If a child has at least one of the above symptoms, this is an occasion to consult a doctor. If several symptoms are detected at the same time, contacting a doctor should be immediate.

Also among the symptoms in children, typical and atypical signs of diabetes can occur. Doctors attribute polyuria to typical symptoms, which parents of infants often confuse with age-related urinary incontinence, polydipsia, polyphagia, dryness and itching of the skin, genital itching after urination, the amount of sugar in the blood is more than 5.5 mmol per liter during fasting blood tests. Timely diagnosis in case of suspicion will help to identify the disease at an early stage and begin the necessary therapy, which will not allow complications to develop.

Definition of diabetes at home

The course of diabetes can be completely asymptomatic. You can identify it randomly when visiting an optometrist or any other doctor. However, there are many signs by which the presence of pathology can be guessed independently. At the same time, at home, you can even accurately determine the type of disease.

With a healthy body, after a meal, blood sugar rises. 2-3 hours after this, this indicator should return to its original borders. If this does not happen, then a person has a number of symptoms that cannot be overlooked. This has already been considered dry mouth, thirst, very frequent and profuse urination, increased appetite, apathy, cramps, and nebula of consciousness. Gradually, a person begins to notice dry skin, which previously did not manifest itself.

Also at home, you can suspect the onset of diabetes due to various strange sensations that a person had not previously observed. In the second type of diabetes, this is poor healing of wounds and scratches, the development of obesity. With the first type of pathology, a person, on the contrary, can lose weight dramatically, although the appetite is quite high. Also, with all types of the disease, itching of the skin, increased growth of facial hair, the formation of xanthomas (small yellow growths on the skin), hair loss on the limbs and others can occur.

Timely identification of signs of diabetes should be the reason for going to the doctor.

Only if you start the treatment of diabetes in the early stages, you can hope for compensation of the disease and a normal quality of life in the future.

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Specialty: therapist, nephrologist.

Total length of service: 18 years .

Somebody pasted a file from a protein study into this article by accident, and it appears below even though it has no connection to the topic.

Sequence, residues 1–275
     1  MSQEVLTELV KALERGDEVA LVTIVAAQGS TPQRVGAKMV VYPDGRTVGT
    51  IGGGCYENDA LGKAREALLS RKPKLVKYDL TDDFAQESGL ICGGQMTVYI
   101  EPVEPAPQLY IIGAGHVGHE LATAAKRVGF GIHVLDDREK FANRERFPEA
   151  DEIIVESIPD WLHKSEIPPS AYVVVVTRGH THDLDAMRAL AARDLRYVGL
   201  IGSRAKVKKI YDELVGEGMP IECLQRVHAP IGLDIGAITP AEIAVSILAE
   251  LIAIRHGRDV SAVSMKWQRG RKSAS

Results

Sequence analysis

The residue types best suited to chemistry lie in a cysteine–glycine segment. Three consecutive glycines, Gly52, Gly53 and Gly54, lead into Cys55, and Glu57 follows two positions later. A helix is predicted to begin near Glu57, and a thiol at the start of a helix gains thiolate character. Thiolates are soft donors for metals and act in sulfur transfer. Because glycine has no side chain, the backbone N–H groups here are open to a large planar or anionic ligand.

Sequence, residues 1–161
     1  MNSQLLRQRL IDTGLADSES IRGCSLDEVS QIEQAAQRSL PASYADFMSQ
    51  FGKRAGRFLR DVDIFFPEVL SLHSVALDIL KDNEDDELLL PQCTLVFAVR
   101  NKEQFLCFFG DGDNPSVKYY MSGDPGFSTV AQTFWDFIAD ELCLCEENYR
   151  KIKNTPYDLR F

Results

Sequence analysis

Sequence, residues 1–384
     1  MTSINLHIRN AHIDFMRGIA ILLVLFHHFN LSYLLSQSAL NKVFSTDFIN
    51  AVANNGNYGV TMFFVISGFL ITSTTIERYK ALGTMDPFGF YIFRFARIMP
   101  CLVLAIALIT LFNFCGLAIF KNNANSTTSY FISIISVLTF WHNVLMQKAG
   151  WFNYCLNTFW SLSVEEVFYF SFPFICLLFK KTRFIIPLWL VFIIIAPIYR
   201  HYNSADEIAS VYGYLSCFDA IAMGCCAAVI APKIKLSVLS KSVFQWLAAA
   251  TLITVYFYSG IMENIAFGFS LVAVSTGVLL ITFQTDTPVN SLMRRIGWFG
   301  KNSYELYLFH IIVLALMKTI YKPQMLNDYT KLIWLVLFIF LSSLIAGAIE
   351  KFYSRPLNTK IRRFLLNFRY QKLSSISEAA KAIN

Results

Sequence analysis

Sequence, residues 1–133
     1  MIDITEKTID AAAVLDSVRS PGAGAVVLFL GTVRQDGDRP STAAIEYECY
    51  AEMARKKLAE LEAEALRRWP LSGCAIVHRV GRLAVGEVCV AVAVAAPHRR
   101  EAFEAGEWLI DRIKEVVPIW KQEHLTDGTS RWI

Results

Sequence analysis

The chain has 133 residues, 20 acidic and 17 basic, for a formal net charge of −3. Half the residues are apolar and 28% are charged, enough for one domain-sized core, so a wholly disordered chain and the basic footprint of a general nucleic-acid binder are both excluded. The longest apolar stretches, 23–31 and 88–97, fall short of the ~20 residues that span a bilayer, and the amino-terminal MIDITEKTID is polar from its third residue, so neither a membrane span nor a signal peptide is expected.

Place of work: Novorossiysk, medical center "Nefros".

Education: 1994-2000 Stavropol State Medical Academy.


  1. 2014 - “Therapy” full-time continuing education courses on the basis of the Kuban State Medical University.
  2. 2014 - “Nephrology” full-time continuing education courses on the basis of GBOUVPO “Stavropol State Medical University”.

General information

Among the metabolic disorders, diabetes is in second place after obesity. About 10% of the population in the world suffers from diabetes, however, if we take into account the latent forms of the disease, this figure may be 3-4 times greater.Diabetes mellitus develops due to chronic insulin deficiency and is accompanied by disorders of carbohydrate, protein and fat metabolism. The production of insulin occurs in the pancreas by ß-cells of the islets of Langerhans.

Participating in the metabolism of carbohydrates, insulin increases glucose uptake into cells, promotes the synthesis and accumulation of glycogen in the liver, and inhibits the breakdown of carbohydrate compounds. In the process of protein metabolism, insulin enhances the synthesis of nucleic acids, protein and inhibits its breakdown. The effect of insulin on fat metabolism is to enhance the flow of glucose into fat cells, energy processes in cells, the synthesis of fatty acids and slow down the breakdown of fats. With the participation of insulin, the process of entering the sodium cell is enhanced. Disorders of metabolic processes controlled by insulin can develop with insufficient synthesis (type I diabetes mellitus) or with tissue immunity to insulin (type II diabetes mellitus).

Reasons and mechanism of development

Type I diabetes is more often detected in young patients under 30 years of age. Violation of the synthesis of insulin develops as a result of damage to the pancreas of an autoimmune nature and the destruction of insulin-producing ß cells. In most patients, diabetes develops after a viral infection (mumps, rubella, viral hepatitis) or toxic effects (nitrosamines, pesticides, drugs, etc.), the immune response to which causes death of pancreatic cells. Diabetes mellitus develops if more than 80% of insulin-producing cells are affected. Being an autoimmune disease, type I diabetes mellitus is often combined with other processes of autoimmune origin: thyrotoxicosis, diffuse toxic goiter, etc.